Hi, me again.
So, for anyone curious about how chemotherapy is given by medical staff read on – it’s a multi-disciplinary team effort, let me tell you, and the staff I have met have been absolutely fabulous. Here goes …..
I trust I have included everyone but I was attended by so many folk please forgive me if I have omitted anyone or confused them. On arrival I was assigned to K but also quickly met F who pointed me to my corner of the ward, which was empty but quickly filled with more patients and bustle, more nurses, doctors, assistants, tea people, patients’ loved ones, all welcomed with big grins and kindness.
When K arrived she led me to a senior nurse, E, who then ‘walked me’ through what was going to happen, explaining possible reactions, short and long term side effects, how these would be treated and a final instruction to just keep asking (for anything: info, help, drinks food – cannabis – no, kidding!). I may later, however!
After that K prepped me for cannulation – in first go – not like the previous Friday when I went for my blood transfusion of packed red cells. Now that was a disaster. Several nurses both had several goes at getting a decent vein entry – to no avail. I have those slippery-sucker veins (alludes to ‘Pretty Woman’), that look easy, but move when approached by a needle.
They both felt bad as I began to look like the bull at the beginning of a bull fight getting the Picador treatment, but I was happy enough after eventual success. And what’s a few minor scratches when you are about to be poisoned for several weeks? Anyway, I digress, as there was no problem today, Whoop, whoop as my daughter Ellen would say!
I then met with Dr P, one of the medical oncologists, who answered even more of mine and Elaine’s questions. All good. Then, I had another chat with yet another member of the team to tell me about the switches to some of my medications. New anti-inflammatory, new anti-nausea, new anti-pain (as well as the Chemo). Off to the Pharmacy!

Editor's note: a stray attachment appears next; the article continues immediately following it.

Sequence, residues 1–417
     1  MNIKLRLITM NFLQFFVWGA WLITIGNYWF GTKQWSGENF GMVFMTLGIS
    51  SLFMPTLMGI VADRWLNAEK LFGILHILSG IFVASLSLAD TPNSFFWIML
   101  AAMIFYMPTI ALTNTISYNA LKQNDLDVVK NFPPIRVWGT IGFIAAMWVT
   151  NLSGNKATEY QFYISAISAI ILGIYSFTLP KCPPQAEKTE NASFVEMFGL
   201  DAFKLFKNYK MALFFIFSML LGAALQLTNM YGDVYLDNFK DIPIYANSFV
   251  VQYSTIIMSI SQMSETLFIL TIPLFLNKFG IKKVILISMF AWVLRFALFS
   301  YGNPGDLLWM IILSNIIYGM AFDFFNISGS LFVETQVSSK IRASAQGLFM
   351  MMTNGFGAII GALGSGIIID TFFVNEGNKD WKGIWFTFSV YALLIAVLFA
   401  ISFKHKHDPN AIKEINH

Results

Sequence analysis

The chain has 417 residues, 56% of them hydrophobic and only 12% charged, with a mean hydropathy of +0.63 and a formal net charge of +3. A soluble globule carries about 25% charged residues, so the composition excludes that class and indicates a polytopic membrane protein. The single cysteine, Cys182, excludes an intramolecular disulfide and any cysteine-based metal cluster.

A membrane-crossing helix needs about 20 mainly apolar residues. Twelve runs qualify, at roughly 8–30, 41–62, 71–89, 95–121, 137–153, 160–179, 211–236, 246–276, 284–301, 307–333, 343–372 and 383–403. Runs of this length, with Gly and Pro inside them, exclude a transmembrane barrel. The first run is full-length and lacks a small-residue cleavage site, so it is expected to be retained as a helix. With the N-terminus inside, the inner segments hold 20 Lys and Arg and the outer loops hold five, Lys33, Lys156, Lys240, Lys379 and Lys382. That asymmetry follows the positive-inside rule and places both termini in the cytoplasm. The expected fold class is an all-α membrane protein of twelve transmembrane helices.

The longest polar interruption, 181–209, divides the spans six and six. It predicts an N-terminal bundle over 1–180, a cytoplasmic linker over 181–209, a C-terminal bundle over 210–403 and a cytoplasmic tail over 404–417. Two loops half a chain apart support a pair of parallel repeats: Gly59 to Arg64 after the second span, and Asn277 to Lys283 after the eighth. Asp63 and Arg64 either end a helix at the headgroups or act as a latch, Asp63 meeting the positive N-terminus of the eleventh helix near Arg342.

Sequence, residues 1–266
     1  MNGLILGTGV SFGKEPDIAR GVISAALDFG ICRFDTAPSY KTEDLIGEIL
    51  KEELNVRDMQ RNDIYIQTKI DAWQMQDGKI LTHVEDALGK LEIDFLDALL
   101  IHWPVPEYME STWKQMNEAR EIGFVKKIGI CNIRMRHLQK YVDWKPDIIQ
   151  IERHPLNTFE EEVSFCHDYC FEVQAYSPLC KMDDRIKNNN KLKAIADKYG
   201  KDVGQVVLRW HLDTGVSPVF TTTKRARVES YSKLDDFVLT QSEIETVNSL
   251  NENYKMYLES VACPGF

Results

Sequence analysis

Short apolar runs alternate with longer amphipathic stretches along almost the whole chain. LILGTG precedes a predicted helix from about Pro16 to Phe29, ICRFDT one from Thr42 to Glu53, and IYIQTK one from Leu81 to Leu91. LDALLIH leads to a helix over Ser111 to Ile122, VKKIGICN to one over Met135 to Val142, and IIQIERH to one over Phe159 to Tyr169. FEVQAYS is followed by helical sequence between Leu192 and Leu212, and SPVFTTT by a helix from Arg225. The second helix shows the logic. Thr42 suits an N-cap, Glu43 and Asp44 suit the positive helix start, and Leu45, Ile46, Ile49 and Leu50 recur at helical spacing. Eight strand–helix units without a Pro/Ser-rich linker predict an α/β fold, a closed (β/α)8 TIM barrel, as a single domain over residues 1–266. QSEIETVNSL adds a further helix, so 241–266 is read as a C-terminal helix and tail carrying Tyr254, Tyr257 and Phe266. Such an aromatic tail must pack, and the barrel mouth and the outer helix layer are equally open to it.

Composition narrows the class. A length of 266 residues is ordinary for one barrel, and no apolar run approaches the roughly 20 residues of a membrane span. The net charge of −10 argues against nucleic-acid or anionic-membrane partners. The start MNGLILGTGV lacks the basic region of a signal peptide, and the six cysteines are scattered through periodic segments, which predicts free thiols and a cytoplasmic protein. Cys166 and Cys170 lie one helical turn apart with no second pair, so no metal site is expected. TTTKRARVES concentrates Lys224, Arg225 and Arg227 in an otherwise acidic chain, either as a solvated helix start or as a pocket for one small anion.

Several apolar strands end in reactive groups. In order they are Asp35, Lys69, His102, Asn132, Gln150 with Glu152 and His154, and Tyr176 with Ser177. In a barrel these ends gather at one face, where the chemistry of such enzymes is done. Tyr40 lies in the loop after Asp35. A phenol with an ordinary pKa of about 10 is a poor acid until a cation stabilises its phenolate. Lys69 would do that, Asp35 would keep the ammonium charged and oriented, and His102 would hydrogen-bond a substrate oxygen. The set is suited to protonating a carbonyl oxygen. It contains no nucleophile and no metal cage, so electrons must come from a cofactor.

Finally, the Epirubicin starts to flowdown my cannula and into my arm. I know this cause it’s red. I’ll pee red for about several hours later in the afternoon proving I have ‘had it’, and that my kidneys are functioning. I then switch to the Oxaliplatin. The unfortunate thing is that because of the hypersensitivity to cold this drug causes I have to negotiate not choosing to wear a ‘cold cap’ to protect and minimise hair loss (or hang around for lots more hours getting warmed through between drug swap-overs). Not me, I’m afraid. I’ll have the number 5 buzz cut later if I do get hair loss.
So, I’m underway. I get a semi-predicted visit from two of our friends, Alison and Martin who had arraged to meet Elaine for a coffeee mid-morning – nice. I had more blood taken before I left to monitor the progress of my previous blood transfusion, and at last, we were on our way home.
A ‘grand day out’, as Gromit (‘Wallace and Gromit’) would say. K and F were marvellous all day – and still swabbing the place down as we left – Friday afternoon – 5:00pm – Angels (1997), “Life Thru a Lens”...Robbie Williams
“Life Thru a Lens”, Robbie Williams. (1997)